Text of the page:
Committee:

Anant Madabhushi (Advisor); Satish Viswanath (Committee Member); David Wilson (Committee Member); Robin Elliott (Committee Member)

Subjects:

Biomedical Engineering

Keywords:

Prostate cancer; biochemical recurrence; metastasis; Feulgen; quantitative histomorphometry; image analysis

Babaie, ElhamSynthesis of Amorphous Alkaline Earth phosphate and its Applications in Orthopedics
Doctor of Philosophy, University of Toledo, 2016, Biomedical Engineering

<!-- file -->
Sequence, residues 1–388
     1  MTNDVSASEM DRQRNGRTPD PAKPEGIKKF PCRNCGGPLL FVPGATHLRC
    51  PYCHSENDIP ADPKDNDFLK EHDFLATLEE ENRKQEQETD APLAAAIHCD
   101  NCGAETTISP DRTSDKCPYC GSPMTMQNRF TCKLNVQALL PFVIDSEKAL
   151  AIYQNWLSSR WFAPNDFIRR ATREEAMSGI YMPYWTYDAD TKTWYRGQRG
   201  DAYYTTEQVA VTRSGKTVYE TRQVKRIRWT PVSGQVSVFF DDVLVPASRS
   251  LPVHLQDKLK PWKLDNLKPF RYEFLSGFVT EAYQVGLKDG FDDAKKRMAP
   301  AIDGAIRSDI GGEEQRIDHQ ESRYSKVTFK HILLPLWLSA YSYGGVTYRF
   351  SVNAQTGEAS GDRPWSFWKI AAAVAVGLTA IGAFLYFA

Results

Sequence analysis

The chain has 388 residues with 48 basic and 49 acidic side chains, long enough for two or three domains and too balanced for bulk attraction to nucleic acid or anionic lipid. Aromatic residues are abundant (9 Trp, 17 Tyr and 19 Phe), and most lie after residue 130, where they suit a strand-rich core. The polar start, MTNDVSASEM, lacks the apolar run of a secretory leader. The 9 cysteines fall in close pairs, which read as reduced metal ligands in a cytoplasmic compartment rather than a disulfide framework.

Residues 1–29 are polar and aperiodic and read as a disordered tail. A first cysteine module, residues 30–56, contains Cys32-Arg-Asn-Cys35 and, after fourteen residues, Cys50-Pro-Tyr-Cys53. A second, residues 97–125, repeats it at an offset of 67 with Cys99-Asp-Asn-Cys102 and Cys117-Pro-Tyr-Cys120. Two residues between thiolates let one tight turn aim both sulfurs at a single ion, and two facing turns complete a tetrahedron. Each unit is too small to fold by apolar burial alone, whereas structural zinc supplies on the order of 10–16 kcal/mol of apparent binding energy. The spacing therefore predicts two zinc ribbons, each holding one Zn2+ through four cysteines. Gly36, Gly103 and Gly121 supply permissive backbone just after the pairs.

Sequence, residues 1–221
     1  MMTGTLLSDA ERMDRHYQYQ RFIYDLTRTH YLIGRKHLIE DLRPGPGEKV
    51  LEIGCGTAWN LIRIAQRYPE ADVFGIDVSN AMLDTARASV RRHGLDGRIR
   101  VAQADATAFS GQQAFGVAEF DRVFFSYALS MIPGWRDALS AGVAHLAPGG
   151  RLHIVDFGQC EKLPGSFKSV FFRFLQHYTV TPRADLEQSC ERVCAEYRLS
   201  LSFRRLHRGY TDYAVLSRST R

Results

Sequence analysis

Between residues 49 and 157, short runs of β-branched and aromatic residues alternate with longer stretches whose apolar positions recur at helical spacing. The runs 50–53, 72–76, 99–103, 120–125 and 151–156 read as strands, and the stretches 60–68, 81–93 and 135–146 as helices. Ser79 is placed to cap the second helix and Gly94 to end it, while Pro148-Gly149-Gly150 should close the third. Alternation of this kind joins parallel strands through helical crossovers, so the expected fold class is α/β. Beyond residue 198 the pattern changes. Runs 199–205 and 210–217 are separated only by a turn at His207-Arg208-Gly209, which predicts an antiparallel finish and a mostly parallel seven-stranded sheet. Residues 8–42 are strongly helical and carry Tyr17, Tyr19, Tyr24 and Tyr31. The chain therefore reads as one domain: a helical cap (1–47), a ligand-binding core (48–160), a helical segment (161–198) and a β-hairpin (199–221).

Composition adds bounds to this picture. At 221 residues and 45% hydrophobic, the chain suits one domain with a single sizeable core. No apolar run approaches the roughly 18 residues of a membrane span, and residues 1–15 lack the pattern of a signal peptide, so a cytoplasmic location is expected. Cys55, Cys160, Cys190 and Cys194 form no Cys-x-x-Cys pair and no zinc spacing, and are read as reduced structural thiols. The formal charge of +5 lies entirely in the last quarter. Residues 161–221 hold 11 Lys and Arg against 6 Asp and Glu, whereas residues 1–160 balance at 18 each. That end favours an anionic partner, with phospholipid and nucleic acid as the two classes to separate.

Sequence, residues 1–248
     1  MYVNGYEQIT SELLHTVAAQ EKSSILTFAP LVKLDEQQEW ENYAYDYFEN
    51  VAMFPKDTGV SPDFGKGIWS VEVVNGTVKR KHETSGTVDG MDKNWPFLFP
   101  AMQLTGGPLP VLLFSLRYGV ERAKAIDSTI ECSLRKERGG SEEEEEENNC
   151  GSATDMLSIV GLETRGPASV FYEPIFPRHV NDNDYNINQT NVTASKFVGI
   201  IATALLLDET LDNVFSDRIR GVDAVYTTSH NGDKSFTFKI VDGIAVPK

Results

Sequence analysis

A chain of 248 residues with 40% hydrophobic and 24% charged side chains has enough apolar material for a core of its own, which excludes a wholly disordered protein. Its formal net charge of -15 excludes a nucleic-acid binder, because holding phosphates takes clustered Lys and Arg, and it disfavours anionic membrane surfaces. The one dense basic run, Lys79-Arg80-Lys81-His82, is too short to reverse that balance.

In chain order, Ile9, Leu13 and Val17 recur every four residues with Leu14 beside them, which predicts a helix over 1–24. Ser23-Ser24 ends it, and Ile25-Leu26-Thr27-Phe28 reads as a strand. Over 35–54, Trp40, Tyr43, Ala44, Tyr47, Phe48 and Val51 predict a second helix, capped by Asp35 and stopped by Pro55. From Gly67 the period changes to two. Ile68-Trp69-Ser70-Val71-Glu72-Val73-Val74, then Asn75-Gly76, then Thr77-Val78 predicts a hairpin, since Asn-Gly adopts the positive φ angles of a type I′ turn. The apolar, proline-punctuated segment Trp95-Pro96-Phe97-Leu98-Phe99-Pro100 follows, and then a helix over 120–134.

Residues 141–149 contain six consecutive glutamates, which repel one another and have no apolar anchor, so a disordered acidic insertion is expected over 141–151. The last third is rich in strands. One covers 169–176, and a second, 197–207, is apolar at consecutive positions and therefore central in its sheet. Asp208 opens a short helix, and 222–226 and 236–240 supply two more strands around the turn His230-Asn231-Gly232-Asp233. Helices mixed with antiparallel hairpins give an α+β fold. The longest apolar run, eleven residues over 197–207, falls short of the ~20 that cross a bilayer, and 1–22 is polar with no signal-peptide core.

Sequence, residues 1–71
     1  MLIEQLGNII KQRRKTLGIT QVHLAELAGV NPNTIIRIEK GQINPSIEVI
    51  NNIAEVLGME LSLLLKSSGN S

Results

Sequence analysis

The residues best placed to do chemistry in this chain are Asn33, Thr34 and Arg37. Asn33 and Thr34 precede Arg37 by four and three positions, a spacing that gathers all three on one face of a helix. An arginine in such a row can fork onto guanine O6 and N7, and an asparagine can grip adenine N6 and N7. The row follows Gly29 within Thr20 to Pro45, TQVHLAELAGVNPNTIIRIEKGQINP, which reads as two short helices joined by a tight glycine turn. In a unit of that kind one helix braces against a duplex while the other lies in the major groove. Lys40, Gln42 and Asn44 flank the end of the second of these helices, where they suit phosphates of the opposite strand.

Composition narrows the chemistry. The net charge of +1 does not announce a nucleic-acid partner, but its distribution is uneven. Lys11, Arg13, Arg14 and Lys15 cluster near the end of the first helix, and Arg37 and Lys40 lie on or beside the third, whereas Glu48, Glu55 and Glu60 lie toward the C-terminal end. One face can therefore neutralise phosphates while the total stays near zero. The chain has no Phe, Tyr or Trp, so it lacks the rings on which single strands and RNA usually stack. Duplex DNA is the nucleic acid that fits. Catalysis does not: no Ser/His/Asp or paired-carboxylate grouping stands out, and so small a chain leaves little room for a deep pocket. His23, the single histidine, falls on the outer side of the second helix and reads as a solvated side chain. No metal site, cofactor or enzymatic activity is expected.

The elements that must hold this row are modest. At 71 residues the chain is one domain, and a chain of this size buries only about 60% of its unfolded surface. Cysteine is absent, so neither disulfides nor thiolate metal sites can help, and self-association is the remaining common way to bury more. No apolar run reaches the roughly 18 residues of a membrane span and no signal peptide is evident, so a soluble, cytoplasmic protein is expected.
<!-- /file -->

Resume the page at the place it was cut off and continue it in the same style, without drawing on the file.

The focus of this dissertation is synthesis and applications of amorphous alkaline earth phosphate such as magnesium-calcium phosphate and magnesium phosphate. Phosphates of alkaline earths such as calcium phosphates, are of great interest as bone replacement materials because they are biocompatible and resorbable in physiological conditions. As such, they have been studied for a long time. With growing research interest in magnesium alloys, magnesium phosphates have been gaining attention as a bone substitute material with comparable or in some cases, better properties than calcium phosphates. The compositional similarities between calcium phosphates (Ca Ps) and natural bone matrix prompted vigorous research activities in calcium phosphates. By comparison, research on magnesium-calcium phosphates are rare. Among the Ca P, amorphous calcium phosphates (ACP), have found applications as an important class of materials since their presence is important in commercial products such as plasma sprayed coatings on implants to self-setting CaP cements, or the fact that amorphous phase is as an intermediate phase in the synthesis of various crystalline phases of CaP. On the other hand, an understanding of the amorphous phases of magnesium phosphate or magnesium-calcium phosphate, or their transformation into their relevant crystalline phases is rare. For instance, it is shown that doping magnesium (small amount) in calcium phosphate can stabilize amorphous calcium phosphate prior to conversion to hydroxyapatite, However, not much information is available on amorphous magnesium phosphate as reports of synthesis of amorphous magnesium phosphate is scarce in the literature. Accordingly, this dissertation is broadly divided into five sub-sections. The first section reviews the state-of-the-art on processing of porous biomaterials. Porous biomaterials are an important class of materials and important goal of this research is to be able fabricate them in a cost-effective way. The second section discusses the synthesis and applications of amorphous magnesium-calcium phosphate, and amorphous magnesium phosphate as promising biomaterials in comparison to amorphous calcium phosphates or other relevant crystalline phases of calcium phosphates. The focus is on the mechanisms of formation and functional properties such as biocompatibility. In general, several methods have been proposed on the synthesis of amorphous phase, including synthesis from aqueous medium (wet route), using high energy processing or high temperatures (dry route) etc. Among them precipitation (wet route) was chosen in this study, because it is relatively simple and reproducible. Additionally, based on the method of the formation and experimental conditions (solution supersaturation, pH, etc.) different ratios of Ca/P, Mg/P, (Ca+Mg)/P ranging from 1 to 2 or even higher can be produced.The as-synthesized materials were characterized using Scanning Electron Microscopy (SEM), X-ray Diffraction (XRD), and Fourier Transform Infrared Spectroscopy (FTIR). In vitro studies were conducted on mouse osteoblasts, and SEM was used as the imaging methods. In the next of the work, the theme is to investigate the applications of amorphous magnesium-calcium phosphate, and amorphous magnesium phosphate as dense bodies (sintered bioceramic), as cement and also as porous cement scaffold in orthopedic applications. We show that amorphous magnesium phosphate, and amorphous magnesium-calcium phosphate can be produced through ethanol-assisted precipitation method. They are also shown to be biocompatible for relevant applications. The sinterability of amorphous magnesium-calcium phosphate and magnesium phosphate was studied. The results indicate that the amorphous phase of magnesium magnesium-calcium phosphates was able to transform into relevant crystalline phases upon sintering using microwave sintering technique. Next, the development of cement composite consisting of amorphous magnesium phosphate and hydrophilic poly vinyl alcohol (PVA) biopolymer, was carried. Finally, the ability of amorphous magnesium phosphate in fabrication of macroporous composite scaffold through gas-foaming technique was studied. Biodegradable Mg-particles were used as the porogen to produce macroporous structure. This method uses the fast corrosion kinetics of Mg to create macro pores in real time during the setting of the cement.